I know this is not a “green” topic, but it does strike a chord with me, for two reasons.
Many years ago I was a “risk analyst” at a screening company that processed apartment applications. I screened applications for hundreds of apartment communities and the company had clients in several states. When I first started in that particular niche, I was my happy-go-lucky trusting self. Eventually I involved into a savvy screener whose new attitude when processing applications was “you’re lying until I discover you aren’t.” I was a very good screener, and the clients loved me – they would even have applications held if I was out, only trusting me to process them. The company wasn’t as happy with me, tho, because I held applications to verify references, rather than making the required “two attempts” 30 seconds apart and marking the particular item “unverifiable” shrugging my shoulders and just closing out and making a recommendation regarding the application based on less information than was possible given a few more hours. This was a production environment, and the company unfortunately focused on quantity, not quality. But they guaranteed their recommendations, so there was no financial loss to the client should they make a bad recommendation.
Recently I also was working on a relocation project for the Port of Seattle for a bunch of homes and apartments that are being purchased as a result of the opening of the Third Runway at SeaTac. The new runway lines up with these homes and apartments, and the noise is going to be unbearable to people living in this area.
In preparation for relocating tenants in houses and also apartments, I toured rental properties for months, amassing enough data to be able to determine market rates for all sorts of properties. The apartments have it together, most are corporately owned and managed like an investment profit center. But many individual home owners are new to the landlord biz, since they really wanted to sell their house but couldn’t, and decided to rent it out instead.
I can’t tell you how many people I have coached on the proper rental screening process, trying to impress upon each of them how this was the most important thing to do, and to hire a professional firm to screen the application for them. The applicant pays for the service with their application fee. I think you can afford a couple of days’ lost rent to rule out the tenants who are going to skip out owing rent, or totally trash the house, costing the owner thousands of dollars to fix it back up to rent it again. You homeowners who are getting into the landlord business can’t afford to replace doors and patch walls and put in new carpets over and over again and still charge a competitive rent. It’s a lot of work, a lot of money, and face it, your former home is more than just a financial investment – if you lived there you have some emotional investment as well, and you are going to be upset and hurt when someone comes in and disrespects your property in that manner.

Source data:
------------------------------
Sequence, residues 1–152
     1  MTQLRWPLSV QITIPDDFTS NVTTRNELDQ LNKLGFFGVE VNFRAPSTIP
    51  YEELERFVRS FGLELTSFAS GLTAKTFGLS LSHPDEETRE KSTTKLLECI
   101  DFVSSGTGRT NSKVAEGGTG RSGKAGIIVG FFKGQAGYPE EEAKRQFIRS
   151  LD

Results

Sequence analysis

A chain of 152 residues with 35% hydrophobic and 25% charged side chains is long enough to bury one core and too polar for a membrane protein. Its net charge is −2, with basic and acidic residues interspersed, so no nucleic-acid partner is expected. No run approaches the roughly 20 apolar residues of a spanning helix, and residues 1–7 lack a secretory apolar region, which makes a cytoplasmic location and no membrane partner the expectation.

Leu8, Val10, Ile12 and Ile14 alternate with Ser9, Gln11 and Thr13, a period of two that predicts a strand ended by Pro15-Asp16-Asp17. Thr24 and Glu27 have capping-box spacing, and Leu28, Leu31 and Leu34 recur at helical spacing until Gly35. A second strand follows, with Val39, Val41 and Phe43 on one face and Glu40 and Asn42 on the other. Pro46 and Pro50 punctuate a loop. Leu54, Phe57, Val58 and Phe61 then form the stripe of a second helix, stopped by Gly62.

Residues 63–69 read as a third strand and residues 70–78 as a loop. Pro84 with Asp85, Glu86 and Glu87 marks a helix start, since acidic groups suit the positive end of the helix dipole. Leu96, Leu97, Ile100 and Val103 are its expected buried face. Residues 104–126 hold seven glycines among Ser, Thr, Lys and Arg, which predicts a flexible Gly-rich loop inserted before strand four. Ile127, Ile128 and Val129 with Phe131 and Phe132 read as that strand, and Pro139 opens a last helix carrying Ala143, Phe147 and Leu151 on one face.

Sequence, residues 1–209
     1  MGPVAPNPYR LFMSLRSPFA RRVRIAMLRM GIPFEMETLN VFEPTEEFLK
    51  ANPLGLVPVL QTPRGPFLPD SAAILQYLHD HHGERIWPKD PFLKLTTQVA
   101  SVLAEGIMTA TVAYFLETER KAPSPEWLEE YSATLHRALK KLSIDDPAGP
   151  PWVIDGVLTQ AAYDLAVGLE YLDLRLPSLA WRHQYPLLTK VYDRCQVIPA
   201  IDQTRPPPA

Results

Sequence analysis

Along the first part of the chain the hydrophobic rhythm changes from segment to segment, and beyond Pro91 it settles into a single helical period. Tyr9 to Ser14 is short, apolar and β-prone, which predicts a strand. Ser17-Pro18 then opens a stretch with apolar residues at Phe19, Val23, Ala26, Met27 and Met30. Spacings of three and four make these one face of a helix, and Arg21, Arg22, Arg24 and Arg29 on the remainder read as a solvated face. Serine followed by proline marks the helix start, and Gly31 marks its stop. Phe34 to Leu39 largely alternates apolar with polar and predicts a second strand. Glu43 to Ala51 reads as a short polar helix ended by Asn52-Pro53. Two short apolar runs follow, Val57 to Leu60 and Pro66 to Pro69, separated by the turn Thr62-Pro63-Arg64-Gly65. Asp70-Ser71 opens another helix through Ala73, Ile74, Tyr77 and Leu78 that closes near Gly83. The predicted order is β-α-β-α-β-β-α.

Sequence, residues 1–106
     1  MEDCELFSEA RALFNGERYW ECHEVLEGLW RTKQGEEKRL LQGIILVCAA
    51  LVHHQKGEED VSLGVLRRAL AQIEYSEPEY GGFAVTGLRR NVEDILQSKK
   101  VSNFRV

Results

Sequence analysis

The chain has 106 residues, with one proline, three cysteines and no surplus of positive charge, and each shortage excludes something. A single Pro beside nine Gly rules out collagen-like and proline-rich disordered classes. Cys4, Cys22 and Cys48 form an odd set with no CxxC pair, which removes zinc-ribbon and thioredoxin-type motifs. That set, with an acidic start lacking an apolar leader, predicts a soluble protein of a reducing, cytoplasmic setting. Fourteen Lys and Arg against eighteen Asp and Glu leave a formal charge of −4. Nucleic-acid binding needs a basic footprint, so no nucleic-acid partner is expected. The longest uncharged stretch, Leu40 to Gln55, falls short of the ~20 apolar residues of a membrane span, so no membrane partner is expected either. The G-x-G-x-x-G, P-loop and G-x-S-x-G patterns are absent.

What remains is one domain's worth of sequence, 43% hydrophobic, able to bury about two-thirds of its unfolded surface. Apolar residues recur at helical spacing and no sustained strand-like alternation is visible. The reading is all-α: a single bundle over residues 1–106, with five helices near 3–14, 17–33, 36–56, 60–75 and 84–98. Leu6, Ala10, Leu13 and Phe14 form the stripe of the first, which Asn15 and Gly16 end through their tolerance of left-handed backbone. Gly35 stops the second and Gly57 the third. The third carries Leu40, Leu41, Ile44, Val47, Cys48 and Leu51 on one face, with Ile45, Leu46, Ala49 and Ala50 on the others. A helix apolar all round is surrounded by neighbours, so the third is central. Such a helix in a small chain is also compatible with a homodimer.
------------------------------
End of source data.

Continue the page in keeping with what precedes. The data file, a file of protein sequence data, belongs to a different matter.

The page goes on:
Someone out there in the world has written a book about this very subject. Realty Times has an excerpt of an interview with Don Conrad, investor and author of “How to Find That Quality Tenant.” and you can read it here.
You can listen to, or download the show archive MP3, here.
The goal of the book is to give people a basic roadmap of the tenant selection process, a separate skill from just managing or investing. Most people don’t respect it. While you might be able to buy a property in a couple of days or a couple of weeks or a couple of months, you have to deal with that property for years. By selecting the right person upfront everything that happens is so much easier to handle. The tenant selection process is the most important skill, bar none, a real estate investor will need for the next five or 10 years.
You just might thank me someday for straying from “green living” to discussing something important about the increasingly scarce “greenback”. I am not a landlord, but I have met and talked with hundreds, and if this keeps you from experiencing a setback as a result of a bad tenant, I have done my job.
Added on 11/8/08
There was an article in Realty Times yesterday that also gives some good information and steps to follow if you decide to rent out your home. Read Can’t Sell Your Home? Why Not Rent it?